Kevin Heckle (4 Feb 2012)

By: Kevin Heckle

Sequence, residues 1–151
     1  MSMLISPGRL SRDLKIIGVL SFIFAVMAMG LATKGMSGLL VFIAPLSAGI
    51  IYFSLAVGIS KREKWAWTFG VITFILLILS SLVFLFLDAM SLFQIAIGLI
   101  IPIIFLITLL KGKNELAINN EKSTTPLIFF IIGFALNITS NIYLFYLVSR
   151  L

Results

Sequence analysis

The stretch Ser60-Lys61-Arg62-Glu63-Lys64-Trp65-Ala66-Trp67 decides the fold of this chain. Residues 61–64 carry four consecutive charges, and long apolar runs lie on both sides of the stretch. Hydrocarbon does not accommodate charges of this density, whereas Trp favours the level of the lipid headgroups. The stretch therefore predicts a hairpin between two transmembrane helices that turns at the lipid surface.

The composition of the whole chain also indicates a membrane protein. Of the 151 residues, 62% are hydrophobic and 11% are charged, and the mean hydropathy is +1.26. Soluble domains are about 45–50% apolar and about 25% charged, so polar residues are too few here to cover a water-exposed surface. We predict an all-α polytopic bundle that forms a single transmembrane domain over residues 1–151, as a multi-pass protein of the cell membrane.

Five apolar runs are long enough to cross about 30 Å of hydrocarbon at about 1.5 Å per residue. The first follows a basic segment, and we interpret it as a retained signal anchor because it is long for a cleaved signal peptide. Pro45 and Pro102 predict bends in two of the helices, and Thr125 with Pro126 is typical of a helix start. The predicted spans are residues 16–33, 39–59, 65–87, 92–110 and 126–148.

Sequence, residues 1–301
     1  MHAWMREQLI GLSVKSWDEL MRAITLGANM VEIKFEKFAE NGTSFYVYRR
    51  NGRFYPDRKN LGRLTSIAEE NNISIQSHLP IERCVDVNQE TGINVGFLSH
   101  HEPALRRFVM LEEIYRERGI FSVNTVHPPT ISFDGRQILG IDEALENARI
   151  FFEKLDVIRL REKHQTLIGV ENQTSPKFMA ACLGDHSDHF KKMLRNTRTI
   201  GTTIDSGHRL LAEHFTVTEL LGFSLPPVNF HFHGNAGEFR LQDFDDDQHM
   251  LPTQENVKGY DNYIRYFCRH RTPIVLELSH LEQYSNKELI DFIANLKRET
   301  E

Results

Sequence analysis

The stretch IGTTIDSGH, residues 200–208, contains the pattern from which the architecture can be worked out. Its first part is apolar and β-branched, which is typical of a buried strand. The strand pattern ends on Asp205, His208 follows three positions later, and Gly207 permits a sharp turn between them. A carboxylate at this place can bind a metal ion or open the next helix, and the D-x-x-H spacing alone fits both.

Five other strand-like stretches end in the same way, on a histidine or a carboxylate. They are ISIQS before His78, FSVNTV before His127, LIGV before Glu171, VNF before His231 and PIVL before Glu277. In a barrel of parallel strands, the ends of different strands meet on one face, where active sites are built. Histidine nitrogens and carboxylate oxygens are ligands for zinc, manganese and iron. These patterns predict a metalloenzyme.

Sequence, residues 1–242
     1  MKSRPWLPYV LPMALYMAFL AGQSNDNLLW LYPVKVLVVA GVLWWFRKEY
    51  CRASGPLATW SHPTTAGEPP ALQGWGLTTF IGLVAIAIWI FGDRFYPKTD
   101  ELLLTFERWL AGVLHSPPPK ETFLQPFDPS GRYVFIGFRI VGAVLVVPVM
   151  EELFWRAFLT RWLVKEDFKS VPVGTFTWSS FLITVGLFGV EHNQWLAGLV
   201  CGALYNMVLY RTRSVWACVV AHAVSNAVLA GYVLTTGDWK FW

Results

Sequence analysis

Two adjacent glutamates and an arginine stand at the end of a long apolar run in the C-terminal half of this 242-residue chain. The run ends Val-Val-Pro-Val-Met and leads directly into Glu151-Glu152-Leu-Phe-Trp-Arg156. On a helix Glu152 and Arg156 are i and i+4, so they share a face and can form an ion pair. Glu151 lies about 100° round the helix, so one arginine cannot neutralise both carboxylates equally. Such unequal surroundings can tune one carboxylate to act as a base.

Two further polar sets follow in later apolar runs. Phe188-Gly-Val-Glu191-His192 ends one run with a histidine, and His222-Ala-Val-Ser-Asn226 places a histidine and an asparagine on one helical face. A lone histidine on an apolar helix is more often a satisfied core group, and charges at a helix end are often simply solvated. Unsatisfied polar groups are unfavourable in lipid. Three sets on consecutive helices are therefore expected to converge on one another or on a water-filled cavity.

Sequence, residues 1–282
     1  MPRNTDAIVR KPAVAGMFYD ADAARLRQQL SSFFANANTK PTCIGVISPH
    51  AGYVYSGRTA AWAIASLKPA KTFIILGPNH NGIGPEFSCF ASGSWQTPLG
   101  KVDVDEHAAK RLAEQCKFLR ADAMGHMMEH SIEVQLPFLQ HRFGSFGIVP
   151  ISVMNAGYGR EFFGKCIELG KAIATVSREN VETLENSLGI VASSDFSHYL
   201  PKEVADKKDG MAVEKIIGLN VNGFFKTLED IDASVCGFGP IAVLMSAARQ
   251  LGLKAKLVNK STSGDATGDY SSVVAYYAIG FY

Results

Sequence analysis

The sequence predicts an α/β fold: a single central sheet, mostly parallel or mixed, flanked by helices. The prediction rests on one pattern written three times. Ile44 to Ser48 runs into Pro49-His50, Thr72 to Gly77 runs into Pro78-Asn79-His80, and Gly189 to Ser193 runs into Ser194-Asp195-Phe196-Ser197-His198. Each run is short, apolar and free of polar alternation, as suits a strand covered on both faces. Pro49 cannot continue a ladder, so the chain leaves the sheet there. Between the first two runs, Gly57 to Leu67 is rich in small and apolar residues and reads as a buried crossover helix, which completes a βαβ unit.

Jesus said we would always have the poor among us, which despite the best efforts of our government is still true. There is a lot of talk these days about the inequality of wages between the haves and the have-nots. We’re also told that the middle-class is shrinking and an increasing number of Americans are living below the poverty line. While the number of people living below the poverty line has increased, proportionately the percentage of the total American public living in poverty hasn’t changed all that much. More Americans are living below the poverty line because, well there are just more people. In 2011, 15.1% of Americans lived below the poverty line which is about the same rate as it was in 1965, one year after LBJ declared the ‘War on Poverty’. The year I was born (1964) the rate was 19% and fell dramatically throughout the 1960’s. By 1973 it was at its lowest and then began to increase dramatically during the last few years of the Carter administration. The first two years of the Reagan administration, the level was about where it is now at 15% and then fell through his presidency to just below 13%. Bush Sr. saw an increase during his presidency and by the second year of Clinton’s first term it peaked again at over 15%. The Clinton presidency began and ended with a recession. However, he enjoyed one of the longest sustained booms in our history, mostly due to the technology revolution of the 90’s. By the end of his term though, the poverty rate had fallen to just below 12%. The percentage of people living in poverty crept up after 9/11 to slightly above 13% and hovered there until 2008. From the beginning of 2008 until September of 2011 (the latest data from the US Census), the percentage rose 2%, rising very sharply due to the ‘Great Recession’. I wondered then, what were the circumstances during my lifetime that led to decreases or increases in the poverty level. Did LBJ’s ‘War on Poverty cause the dramatic decrease of the 1960’s? THe legislation was mostly designed to increase the health, education and opportunity for poorer Americans and not necessarily increase them monetarily. I believe it was something else.